Open Rights Group, a UK member of EDRi has launched a campaign to enable people to opt out of location and web traffic tracking by their mobile providers.
The campaign includes a tool to help people find out how to opt out, which is usually quite hard to find information about.
The campaign is backed by ORG and Krowdthink, who have produced research on Wifi location tracking policies alongside ORG’s research into tracking practices by major phone providers in the UK.
ORG’s key findings are that in most cases:
- Customers are not being given enough clear information about how their data is being used by their mobile providers.
- Customers are not being given clear and easy ways to opt-out if they don’t want companies to use their data.
- Companies could be breaking e-privacy law if they process traffic and location data without consent. The mobile phone companies that were contacted say that they anonymise data, which means that they are not legally obliged to ask for consent to use it. But it appears that in some cases the data is not fully anonymised and should therefore remain classed as personal information, requiring consent for reuse.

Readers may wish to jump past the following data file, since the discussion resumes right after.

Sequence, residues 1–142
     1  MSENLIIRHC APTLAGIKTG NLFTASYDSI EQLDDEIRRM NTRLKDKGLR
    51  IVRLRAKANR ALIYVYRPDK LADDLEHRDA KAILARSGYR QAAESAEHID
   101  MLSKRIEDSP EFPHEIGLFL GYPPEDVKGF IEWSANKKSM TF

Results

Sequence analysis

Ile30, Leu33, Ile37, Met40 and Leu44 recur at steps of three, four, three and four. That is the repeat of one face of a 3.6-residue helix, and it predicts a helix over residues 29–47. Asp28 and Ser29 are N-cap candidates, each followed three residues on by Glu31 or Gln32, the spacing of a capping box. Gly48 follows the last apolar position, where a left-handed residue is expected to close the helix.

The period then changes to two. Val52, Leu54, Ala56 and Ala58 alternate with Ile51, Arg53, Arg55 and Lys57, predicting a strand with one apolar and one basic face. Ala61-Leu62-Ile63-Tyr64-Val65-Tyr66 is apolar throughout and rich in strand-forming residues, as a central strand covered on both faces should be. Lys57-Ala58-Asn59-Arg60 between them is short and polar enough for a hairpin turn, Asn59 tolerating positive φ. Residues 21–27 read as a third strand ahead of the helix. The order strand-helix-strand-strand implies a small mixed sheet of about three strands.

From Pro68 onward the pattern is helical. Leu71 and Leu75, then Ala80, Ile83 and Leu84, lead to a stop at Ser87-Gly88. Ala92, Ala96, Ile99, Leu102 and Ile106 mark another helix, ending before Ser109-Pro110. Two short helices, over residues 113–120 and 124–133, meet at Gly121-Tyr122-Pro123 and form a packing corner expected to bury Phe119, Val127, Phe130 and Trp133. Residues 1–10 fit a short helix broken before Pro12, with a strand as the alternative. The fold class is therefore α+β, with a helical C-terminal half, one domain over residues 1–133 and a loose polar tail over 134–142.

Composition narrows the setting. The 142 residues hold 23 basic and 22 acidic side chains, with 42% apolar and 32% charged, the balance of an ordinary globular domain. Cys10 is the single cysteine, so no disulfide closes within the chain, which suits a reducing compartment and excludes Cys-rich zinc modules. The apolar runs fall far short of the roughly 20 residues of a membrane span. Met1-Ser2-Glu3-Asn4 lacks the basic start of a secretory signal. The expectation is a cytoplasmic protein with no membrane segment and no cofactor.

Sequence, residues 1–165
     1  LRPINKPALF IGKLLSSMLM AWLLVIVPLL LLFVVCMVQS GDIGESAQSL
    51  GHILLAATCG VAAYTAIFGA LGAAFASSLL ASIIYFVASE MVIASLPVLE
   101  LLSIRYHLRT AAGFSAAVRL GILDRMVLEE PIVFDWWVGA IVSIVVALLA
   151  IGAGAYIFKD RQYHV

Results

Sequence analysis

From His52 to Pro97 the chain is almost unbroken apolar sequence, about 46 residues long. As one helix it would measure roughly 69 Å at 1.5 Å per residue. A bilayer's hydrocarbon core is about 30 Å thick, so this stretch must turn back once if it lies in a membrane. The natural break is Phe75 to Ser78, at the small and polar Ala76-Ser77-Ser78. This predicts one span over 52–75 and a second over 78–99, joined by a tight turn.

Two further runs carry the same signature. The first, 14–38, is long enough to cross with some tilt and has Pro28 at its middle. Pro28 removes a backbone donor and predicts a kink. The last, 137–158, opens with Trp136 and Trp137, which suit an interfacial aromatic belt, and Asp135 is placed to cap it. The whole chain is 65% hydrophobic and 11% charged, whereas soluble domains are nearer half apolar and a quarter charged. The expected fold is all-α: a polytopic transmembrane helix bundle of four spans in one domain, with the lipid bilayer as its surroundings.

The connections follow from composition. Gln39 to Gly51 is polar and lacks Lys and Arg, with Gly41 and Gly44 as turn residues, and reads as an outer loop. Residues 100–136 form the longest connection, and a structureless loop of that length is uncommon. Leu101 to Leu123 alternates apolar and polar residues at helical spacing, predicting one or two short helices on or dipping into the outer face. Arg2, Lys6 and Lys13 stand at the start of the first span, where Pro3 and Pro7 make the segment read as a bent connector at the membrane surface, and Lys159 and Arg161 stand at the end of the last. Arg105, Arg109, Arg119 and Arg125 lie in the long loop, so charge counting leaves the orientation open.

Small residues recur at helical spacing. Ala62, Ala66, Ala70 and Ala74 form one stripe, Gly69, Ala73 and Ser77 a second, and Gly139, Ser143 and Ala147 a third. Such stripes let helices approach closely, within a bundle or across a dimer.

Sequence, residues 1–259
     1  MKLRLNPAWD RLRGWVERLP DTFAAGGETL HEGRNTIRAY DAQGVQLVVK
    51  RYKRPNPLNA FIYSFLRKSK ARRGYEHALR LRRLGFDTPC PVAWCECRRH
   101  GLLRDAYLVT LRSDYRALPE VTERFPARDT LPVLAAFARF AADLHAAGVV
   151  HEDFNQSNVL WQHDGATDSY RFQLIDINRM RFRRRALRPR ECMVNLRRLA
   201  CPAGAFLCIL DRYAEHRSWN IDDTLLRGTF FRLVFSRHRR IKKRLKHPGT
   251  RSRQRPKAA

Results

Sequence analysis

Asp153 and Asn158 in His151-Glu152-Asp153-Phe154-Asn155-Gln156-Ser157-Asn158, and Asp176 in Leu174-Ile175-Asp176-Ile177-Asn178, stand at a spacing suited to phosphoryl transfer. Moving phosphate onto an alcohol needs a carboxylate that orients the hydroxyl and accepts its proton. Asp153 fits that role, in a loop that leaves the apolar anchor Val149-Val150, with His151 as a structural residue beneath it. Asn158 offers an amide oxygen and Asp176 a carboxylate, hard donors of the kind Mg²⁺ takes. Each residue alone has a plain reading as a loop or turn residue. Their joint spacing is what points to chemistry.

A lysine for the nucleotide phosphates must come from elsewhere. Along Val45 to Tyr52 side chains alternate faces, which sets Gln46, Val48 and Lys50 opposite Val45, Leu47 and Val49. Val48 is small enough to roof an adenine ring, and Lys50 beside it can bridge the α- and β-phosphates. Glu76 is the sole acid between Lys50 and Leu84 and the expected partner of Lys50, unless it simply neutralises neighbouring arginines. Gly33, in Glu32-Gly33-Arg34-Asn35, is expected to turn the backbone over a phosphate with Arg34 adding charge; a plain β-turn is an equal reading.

- Customers need to understand the risks if they are to give companies permission to use and share their data. But it is currently impossible for individuals to work out how effective anonymisation and pseudonymisation techniques are.
- The law may not be fit for purpose in giving customers control over the risks associated with big data.
- Companies and their clients are potentially getting value from data but it is not clear whether these benefits are being shared with customers.
- The Information Commissioner’s Office (the UK’s data protection authority) is doing very little to guide the market or enforce privacy standards and the UK has lower, less protective standards than other parts of the EU, despite having the same underlying legal regime.
The report also provides recommendations for changes needed in E-Privacy legislation in Europe. It highlights lax standards in the UK, calling for greater consistency across member states, as well as stronger enforcement, particularly around providing clearer consent.
Report „Cashing in on your mobile“ (04.04.2016)
Campaign „Opt me out of Location“
(Contribution by Jim Killock, Open Rights Group)